Backyard trampolines are popular, but beware, medical experts say. Trampoline injuries are on the rise.
Trampoline injury-related hospital visits during 2000-2005 increased by 113 percent over the number of visits from 1990-1995. And the injuries are serious, including fractures, concussions, and head injuries. Even more sobering are the serious spinal cord injuries and deaths that can occur with trampoline use. This rate is so alarming that the American Academy of Pediatrics (AAP) has taken a firm position: "The trampoline should never be used in home environments or in school physical education classes or outdoor settings or recreational settings."
"There are more than a half-million trampolines sold in the U.S. each year now," says Gary A. Smith, M.D. A member of the AAP, Dr. Smith also has authored several studies on trampoline injuries. He adds that in many of the injuries the parents were right there watching.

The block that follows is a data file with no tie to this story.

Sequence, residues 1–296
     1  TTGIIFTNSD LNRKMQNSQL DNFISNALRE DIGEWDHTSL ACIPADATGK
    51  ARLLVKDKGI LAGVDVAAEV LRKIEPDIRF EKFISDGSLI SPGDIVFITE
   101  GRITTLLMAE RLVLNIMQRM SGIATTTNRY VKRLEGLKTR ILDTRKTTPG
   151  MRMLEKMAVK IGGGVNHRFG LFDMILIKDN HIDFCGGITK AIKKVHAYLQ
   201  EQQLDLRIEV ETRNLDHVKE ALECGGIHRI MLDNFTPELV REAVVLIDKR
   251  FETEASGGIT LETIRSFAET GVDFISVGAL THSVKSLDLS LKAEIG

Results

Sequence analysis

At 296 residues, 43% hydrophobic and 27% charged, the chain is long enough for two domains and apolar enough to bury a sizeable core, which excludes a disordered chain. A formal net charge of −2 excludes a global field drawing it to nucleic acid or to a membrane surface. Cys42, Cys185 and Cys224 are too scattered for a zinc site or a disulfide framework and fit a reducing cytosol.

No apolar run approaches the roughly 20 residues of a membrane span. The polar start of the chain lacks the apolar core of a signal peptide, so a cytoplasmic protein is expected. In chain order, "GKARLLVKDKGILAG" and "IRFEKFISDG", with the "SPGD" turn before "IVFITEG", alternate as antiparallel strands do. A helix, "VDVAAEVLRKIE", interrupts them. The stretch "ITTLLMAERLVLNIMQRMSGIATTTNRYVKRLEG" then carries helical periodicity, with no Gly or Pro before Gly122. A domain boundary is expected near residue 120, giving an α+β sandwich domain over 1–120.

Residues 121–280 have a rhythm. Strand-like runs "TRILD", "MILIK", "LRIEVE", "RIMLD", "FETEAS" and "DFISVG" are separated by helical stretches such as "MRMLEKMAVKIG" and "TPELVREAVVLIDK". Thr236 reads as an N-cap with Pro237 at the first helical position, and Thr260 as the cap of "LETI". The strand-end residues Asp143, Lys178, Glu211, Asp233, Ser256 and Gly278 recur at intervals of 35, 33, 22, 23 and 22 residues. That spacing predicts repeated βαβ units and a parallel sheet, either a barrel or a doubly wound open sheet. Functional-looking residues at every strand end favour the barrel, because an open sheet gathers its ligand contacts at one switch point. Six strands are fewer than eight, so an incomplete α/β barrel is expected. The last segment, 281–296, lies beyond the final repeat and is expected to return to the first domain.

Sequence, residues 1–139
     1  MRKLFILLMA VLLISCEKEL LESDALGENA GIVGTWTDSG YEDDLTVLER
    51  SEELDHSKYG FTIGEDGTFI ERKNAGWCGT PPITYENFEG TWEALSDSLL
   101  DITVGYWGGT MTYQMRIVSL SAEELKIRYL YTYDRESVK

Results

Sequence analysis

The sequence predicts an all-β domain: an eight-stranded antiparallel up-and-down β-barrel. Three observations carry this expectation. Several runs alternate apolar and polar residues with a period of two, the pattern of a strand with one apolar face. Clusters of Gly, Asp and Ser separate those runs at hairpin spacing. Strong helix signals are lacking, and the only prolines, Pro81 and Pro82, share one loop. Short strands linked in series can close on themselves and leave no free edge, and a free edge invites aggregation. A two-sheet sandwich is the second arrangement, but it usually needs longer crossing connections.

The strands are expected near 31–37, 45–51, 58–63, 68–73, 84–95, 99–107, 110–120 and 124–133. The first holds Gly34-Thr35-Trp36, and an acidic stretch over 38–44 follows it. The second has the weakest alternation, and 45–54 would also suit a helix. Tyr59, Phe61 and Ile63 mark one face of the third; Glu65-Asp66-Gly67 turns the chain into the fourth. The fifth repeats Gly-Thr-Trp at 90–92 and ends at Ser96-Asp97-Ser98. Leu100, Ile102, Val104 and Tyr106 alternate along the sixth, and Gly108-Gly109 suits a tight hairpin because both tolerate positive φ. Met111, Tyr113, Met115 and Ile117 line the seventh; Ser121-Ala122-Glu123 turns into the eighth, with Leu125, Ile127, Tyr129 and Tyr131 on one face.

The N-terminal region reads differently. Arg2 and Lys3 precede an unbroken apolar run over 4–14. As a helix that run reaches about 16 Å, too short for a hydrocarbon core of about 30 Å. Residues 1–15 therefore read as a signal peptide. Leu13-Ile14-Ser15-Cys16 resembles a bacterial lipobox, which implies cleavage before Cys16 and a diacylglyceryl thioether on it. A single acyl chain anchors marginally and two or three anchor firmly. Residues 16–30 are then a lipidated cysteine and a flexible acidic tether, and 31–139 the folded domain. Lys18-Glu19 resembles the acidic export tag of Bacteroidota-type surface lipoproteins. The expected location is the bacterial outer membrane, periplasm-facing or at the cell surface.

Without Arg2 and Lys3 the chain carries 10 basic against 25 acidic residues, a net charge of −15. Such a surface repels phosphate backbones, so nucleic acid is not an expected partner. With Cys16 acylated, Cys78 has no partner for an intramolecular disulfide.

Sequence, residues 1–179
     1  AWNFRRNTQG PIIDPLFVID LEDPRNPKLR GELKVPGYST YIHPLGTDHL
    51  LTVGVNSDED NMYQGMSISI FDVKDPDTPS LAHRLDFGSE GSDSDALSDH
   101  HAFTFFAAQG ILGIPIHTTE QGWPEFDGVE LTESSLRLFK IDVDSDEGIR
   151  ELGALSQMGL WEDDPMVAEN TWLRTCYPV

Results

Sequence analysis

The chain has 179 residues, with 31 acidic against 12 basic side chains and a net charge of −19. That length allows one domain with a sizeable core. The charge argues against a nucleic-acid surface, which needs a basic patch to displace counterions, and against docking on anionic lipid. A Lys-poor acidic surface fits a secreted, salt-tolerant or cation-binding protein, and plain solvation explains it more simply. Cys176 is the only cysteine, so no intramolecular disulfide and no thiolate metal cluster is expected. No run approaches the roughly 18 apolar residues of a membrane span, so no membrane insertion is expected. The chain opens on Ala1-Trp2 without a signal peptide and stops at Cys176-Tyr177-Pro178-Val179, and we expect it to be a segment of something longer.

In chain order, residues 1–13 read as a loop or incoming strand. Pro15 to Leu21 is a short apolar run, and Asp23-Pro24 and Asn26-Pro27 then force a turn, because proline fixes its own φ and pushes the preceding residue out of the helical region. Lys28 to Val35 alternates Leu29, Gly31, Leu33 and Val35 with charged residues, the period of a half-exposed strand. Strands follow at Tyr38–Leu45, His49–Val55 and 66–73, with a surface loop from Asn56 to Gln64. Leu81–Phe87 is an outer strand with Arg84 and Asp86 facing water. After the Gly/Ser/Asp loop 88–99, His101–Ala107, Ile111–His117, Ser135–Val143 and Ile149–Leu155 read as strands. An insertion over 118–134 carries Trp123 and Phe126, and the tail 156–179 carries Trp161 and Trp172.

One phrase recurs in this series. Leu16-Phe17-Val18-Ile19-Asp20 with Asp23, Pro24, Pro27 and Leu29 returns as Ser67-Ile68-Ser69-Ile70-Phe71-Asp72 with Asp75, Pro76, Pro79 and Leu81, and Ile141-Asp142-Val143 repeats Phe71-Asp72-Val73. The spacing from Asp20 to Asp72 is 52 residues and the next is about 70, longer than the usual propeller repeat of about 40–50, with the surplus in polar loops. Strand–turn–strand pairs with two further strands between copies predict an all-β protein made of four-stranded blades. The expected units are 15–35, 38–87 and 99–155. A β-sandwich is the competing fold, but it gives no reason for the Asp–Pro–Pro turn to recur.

The majority of injuries are to arms and legs. Back and neck injuries can cause serious neurological damage.
"When a small child and a larger one use a trampoline simultaneously, the smaller one is easily injured by the mat coming up with great force," explains R. Dale Blasier, M.D., a spokesman for the American Academy of Orthopaedic Surgeons.
Most injuries occur on the trampoline, not from flying off of it, says Dr. Smith.
Trampoline injuries occur when colliding with another person, landing improperly while jumping or doing stunts, falling or jumping off, or falling on the trampoline spring or frame. Although safety nets and shock-absorbing pads that cover the springs, hooks, and frame may help prevent some injuries, the potential for serious injury while using a trampoline remains. The AAP advises parents never to purchase a home trampoline or allow children to use home trampolines.
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